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Church Leadership

Getting Started in Investing, part two

money_stuff2

Here’s a scenario for you. You are serving at a church and things go sour. I mean, they go really sour. Meetings are arranged behind your back. Students stop coming to events and making excuses to avoid you. Your weekly staff meeting with the pastoral team becomes a finger pointing competition. And all roads are leading back to you. You’ve done nothing wrong but everyone hates you. You leave the meeting and head back to your office. You know your ministry at this church is coming to an end. You have felt it ending for a long time. And you are sweating the reality that a job search is imminent.

All spiritual realities aside. In these moments, and all vocational people in a church will one day be in these moments, there are two positions you can be in.

Position A: You can make a rational decision, knowing that you will be financially OK whether you stay at this ministry or not.

Position B: You can make an irrational decision, knowing that if you get fired you are screwed financially.

[Of course, I’m simplifying this as there are lots of options.] The point is that when things hit the fan at work you need to be able to make a decision that is ultimately best for you and your family. And being knee deep in debt with no savings is not going to help.

Having worked in churches for nearly 10 years I know that there is rarely much margin between income and expense. And this makes saving money hard and acquiring debt easy. Add to that mix that many people in youth ministry brought college debts into ministry… and you have a recipe for disaster!

So, practically speaking, what can you do?

#1 Most Important Thing: You need to figure out how to get a few grand in the bank. You hear every single personal finance person say this and there is a good reason. Having 2-3 months living expenses in the bank allows you the freedom to make decisions that are best for you and not just what will get you through the next couple of months. Living paycheck to paycheck just leads to you acquiring more and more debt. I believe for folks in ministry this is more important than paying down debts… our jobs are just that insecure. And this goes beyond just job issues. I don’t think you can seriously build a budget until you have this little bit of breathing room.

With almost no margin, how do I get that much cash in the bank? Some ideas…

– Sell stuff. Have a garage sale. Have a bake sale. Sell used books on Amazon. Sell your baseball cards on Ebay. Sell your extra car.

– Make more money. We’ll talk more about this in another post. But practically speaking, if there is no margin between what you bring in and what goes out you will need to find another source of income. For Kristen and I this meant that Kristen watched a child from the church four days a week. It wasn’t much… but it helped us widen the margin. If you’re single… you’ll need to look for alternate forms of income. Again, we’ll talk more about this in part five.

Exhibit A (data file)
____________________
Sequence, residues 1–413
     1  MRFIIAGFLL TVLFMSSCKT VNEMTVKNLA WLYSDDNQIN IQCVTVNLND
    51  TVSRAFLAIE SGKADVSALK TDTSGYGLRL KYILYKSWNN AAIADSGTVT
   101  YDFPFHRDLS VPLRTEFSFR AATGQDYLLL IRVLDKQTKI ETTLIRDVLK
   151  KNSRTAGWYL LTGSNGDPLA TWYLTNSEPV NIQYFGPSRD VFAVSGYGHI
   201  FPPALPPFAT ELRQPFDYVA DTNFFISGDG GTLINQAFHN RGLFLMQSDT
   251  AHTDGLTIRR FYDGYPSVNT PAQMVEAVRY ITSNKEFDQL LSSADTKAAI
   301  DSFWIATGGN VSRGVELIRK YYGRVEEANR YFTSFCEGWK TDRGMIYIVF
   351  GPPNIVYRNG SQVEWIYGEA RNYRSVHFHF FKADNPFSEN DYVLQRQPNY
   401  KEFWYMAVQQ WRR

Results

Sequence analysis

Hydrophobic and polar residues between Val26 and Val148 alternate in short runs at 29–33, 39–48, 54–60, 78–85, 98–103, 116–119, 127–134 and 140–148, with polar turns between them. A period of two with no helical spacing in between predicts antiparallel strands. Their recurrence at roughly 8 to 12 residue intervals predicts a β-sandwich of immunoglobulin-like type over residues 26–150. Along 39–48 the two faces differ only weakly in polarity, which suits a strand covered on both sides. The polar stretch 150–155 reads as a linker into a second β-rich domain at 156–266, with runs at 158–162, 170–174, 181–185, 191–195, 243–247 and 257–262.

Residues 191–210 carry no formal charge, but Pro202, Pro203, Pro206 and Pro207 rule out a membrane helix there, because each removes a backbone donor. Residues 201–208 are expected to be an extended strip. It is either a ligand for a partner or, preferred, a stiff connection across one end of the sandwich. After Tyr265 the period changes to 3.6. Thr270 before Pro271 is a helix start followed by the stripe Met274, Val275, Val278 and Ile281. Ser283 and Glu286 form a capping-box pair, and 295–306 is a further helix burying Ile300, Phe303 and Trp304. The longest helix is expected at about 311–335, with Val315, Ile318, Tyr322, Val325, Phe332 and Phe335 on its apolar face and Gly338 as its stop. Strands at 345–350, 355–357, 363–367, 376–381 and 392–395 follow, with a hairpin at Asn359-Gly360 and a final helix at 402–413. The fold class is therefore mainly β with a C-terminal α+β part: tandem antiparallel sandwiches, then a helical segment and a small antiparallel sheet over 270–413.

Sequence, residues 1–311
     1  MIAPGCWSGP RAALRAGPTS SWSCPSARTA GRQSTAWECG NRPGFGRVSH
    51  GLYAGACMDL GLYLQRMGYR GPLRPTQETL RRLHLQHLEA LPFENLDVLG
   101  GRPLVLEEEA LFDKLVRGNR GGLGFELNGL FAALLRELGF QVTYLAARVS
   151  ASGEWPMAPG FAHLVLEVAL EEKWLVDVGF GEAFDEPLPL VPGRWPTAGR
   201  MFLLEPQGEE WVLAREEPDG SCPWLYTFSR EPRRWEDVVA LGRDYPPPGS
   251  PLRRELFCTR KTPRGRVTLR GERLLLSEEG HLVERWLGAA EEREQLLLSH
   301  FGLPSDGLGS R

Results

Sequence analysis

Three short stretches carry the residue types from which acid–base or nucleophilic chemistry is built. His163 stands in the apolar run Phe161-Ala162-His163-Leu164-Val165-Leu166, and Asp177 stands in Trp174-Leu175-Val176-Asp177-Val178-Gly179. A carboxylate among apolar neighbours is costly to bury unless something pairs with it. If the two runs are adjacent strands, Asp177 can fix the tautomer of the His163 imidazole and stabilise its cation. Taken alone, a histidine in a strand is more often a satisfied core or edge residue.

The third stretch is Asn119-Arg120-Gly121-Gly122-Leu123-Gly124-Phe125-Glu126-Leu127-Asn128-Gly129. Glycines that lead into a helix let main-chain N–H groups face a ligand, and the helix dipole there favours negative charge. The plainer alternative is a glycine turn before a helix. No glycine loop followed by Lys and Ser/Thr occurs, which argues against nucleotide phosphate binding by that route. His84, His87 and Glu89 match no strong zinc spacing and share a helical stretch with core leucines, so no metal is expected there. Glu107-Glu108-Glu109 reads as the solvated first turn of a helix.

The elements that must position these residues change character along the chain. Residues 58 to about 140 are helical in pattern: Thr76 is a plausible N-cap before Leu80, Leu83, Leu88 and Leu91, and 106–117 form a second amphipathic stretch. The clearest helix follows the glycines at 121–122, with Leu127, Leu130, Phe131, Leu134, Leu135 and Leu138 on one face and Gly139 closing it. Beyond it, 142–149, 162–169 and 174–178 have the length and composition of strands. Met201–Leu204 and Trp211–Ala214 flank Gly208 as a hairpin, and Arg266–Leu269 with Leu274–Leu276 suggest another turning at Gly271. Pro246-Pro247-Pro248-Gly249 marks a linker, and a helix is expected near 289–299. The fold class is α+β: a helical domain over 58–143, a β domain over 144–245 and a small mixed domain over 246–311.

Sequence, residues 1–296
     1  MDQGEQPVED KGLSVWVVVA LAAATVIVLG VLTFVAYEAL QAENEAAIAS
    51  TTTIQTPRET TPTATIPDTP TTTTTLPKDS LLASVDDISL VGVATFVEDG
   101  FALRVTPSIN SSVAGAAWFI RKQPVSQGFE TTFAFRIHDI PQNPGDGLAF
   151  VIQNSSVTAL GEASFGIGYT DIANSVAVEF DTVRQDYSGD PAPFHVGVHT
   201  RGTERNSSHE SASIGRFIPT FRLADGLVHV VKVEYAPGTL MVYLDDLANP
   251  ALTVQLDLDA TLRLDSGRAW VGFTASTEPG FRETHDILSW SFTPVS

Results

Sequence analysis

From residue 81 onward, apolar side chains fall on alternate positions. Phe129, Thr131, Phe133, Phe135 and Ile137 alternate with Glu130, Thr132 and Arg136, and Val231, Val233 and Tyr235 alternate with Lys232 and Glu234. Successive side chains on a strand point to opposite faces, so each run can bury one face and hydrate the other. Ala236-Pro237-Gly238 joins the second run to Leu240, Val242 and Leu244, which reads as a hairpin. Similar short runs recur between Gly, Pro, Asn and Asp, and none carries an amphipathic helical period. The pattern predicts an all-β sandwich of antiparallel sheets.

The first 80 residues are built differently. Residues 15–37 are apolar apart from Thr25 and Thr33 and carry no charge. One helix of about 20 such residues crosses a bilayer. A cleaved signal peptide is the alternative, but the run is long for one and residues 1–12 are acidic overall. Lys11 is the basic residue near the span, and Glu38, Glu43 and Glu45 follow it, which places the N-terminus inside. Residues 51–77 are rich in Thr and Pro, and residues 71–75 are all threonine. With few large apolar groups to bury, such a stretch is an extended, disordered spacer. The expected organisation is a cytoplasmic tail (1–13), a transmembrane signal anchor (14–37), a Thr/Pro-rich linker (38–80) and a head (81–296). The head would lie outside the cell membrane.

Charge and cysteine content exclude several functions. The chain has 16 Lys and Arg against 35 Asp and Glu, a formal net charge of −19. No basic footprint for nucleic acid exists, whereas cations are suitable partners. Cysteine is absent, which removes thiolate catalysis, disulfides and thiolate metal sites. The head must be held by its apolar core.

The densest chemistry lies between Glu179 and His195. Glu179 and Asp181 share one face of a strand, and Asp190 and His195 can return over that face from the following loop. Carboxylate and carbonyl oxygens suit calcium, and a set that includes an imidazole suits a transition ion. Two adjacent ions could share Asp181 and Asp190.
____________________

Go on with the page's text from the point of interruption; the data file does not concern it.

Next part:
– Spend less money. That’s easier said than done, I know. Our friends mocked us, but in Michigan Kristen and I learned that by heating our house less we could find a bit of margin. Also, cutting back on things you don’t really use that much can make a big difference. Remember this is just temporary until you get a few grand in the bank. 6 months without DVR or trips to Starbucks will be worth it.

– Decide a dollar amount to save per paycheck. I take great pleasure in transfering a prescribed dollar amount to savings every payday. But if you lack the discipline to do that, there are more forceful options. If you have direct deposit simply direct a set amount to your savings account so you never actually see it as spendable income! A more manual way to do this is to ask the person who cuts paychecks at the church to write you two seperate checks. One goes in checking and the other goes in savings. If you really lack discipline… go ahead and have the take out your tithe/offering too!

#2 Most important thing: You need to stop using your credit cards. When Kristen and I got married we didn’t have any debts. About a year later we bought a car and went into debt big time to make it happen. But that wasn’t the really dumb thing. The dumb thing is that a few weeks later I said “yes” to an offer for a Discover Card. That thing has been a thorn in my side ever since. At first we paid it off every month and I only used it for gas purchases. Then, we took 3 months to pay for a laptop. Then we bought some furniture. And started using it everywhere we went. Then the monthly balance was so high I couldn’t make myself pay $1000 per month so we let the debt build a little. Before we knew it, it was almost maxed out and we were screwed! The point is… until you take the first step and take using the credit card as part of your buying habits… it’ll own you.

– Stop carrying it with you if its a temptation.

– I like using plastic for every purchase, that’s why I use my debit card.

– Come up with a repayment plan on your own. Currently, we dedicate one of Kristen’s paychecks to savings and one to paying down debt each month.

– As you pay down the balance, call the card company and ask them to lower your limit. While you’re at it ask them to lower your interest rate.

– Try to pay at least double the minimum payment… you need to get the principle down ASAP to incur less interest payments.